James P. Flynn, Managing Director of the Firm and Member in the Litigation and Employment, Labor & Workforce Management practices, in the firm’s Newark office, authored an article in ILN IP Insider, titled “Out of Character: Jersey Boys, Detective Stories, & the Case of Space-Traveling Tardigrades.”

Following is an excerpt:

At heart, and still, I am a non-singing Jersey Boy, and one who grew up reading Sherlock Holmes stories and watching Star Trek, the Original Series (before it even needed that modifier), in reruns in the 1970s while also keeping up with the real Rocky. And, I have been writing for ILN IP Insider for five and one half years (first article appeared in March 2015), and have shown my Star Trek chops and character knowledge here on several different occasions, like bouncing from planet to planet. So, to paraphrase that famous opening, I have tried exploring “Law: the final frontier. These are the voyages of ILN’s enterprise. Its continuing mission: to explore strange new cases. To explain new rights and new rationalizations. To boldly show where lawsuits have gone before!”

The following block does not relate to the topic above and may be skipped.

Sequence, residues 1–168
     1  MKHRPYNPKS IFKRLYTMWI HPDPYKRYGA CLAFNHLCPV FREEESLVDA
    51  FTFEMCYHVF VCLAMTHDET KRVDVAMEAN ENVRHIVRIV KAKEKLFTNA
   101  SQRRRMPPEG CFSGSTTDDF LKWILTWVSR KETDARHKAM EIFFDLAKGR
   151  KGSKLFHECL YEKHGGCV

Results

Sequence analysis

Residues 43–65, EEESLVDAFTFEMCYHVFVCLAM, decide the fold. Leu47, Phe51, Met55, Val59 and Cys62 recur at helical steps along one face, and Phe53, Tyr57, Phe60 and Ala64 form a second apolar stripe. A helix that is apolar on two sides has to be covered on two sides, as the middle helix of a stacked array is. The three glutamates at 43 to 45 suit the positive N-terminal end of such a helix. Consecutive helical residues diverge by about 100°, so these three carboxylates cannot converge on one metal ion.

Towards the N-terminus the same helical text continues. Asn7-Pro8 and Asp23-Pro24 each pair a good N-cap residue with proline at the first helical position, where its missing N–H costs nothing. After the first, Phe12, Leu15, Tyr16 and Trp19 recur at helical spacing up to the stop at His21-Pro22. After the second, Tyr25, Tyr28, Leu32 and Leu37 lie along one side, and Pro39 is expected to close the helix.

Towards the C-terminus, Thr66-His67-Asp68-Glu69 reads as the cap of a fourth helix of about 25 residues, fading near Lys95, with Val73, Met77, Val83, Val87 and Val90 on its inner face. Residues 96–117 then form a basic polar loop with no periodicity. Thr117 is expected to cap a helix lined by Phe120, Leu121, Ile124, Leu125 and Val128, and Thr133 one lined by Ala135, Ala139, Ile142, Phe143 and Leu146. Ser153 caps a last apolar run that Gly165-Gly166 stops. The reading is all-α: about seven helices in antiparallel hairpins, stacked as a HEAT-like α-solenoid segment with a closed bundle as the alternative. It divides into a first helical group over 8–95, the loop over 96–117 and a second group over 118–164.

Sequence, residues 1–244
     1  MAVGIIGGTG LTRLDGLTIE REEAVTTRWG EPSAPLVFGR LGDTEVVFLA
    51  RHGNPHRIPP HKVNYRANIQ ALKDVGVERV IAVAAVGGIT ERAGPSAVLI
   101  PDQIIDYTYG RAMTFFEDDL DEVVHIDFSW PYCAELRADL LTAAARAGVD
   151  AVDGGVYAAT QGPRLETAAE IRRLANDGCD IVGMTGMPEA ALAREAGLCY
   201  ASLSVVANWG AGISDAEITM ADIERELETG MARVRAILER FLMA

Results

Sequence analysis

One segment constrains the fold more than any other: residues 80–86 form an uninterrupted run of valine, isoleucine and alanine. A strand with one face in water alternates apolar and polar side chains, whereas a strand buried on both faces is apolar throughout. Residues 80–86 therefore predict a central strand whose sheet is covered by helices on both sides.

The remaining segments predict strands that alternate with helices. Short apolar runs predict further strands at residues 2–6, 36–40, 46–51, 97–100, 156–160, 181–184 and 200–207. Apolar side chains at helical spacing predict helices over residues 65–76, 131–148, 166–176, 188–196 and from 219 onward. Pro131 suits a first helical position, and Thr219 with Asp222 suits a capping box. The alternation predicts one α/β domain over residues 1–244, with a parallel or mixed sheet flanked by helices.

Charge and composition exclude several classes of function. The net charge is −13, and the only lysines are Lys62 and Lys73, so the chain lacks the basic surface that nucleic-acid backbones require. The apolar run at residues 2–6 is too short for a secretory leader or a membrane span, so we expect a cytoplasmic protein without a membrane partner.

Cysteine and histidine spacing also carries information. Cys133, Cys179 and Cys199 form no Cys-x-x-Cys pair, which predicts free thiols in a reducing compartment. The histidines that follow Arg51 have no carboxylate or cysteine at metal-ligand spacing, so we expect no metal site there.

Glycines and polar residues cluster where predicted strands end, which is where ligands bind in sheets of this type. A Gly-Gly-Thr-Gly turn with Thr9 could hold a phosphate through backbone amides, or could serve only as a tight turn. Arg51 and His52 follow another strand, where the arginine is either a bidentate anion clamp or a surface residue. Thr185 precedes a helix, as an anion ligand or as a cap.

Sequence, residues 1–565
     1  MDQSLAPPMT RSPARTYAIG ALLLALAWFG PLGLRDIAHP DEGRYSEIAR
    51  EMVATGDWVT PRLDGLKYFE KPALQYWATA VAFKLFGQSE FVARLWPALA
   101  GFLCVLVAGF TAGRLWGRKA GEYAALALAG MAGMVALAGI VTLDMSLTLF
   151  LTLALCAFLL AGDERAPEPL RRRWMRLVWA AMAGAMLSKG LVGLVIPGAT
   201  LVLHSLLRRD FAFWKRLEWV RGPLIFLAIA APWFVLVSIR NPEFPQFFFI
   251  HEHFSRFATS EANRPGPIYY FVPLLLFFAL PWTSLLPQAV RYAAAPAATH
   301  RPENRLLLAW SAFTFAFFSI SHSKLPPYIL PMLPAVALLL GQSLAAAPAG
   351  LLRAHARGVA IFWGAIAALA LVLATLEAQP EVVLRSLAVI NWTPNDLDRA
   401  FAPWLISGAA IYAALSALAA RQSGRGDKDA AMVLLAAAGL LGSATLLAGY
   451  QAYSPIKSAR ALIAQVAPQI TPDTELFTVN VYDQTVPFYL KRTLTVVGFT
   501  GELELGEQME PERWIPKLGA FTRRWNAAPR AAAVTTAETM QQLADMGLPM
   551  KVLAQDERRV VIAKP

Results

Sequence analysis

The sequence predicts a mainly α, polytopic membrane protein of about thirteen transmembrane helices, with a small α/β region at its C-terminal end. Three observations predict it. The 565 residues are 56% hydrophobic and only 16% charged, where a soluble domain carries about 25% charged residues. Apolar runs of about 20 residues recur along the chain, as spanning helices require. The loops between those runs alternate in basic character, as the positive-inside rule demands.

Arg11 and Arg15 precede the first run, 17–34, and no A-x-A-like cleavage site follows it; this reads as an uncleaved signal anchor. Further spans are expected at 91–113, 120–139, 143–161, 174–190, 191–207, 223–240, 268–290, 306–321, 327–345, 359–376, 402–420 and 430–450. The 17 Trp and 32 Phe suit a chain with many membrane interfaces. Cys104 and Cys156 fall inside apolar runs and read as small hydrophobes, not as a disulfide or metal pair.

So this is an interesting post for me to able to write, as it combines a discussion of fact and fiction writing, copyright, and elements what makes a character, real or otherwise, memorable. It stems from three cases, two quite recent and one a few years older, that nonetheless may see a new chapter opening with a more recent filing in New Mexico. That these cases involve The Jersey BoysStar Trek, and Sherlock Holmes, respectively, just makes them a little more fun.

Let’s start with the three cases. They are Donna Corbello v. Thomas Gaetano DeVito et al., a case that the United States Court of Appeals for the 9th Circuit decided on September 8, 2020, Abdin v. CBS Broadcasting Inc., which the 2d Circuit decided on August 17, 2020, and Klinger v. Conan Doyle Estate, decided by 7th Circuit in 2014 but potentially quite relevant to a new lawsuit filed this summer. “What are they about?”, and “how are they connected?” are fair questions. Asking those questions here is the equivalent of Star Trek’s “Captain’s Log” (or “Standard orbit, Mr. Sulu”), Holmes’ “Come, Watson. The game is afoot,” or “Ladies and Gentleman, the Four Seasons”–It means it is time to start.

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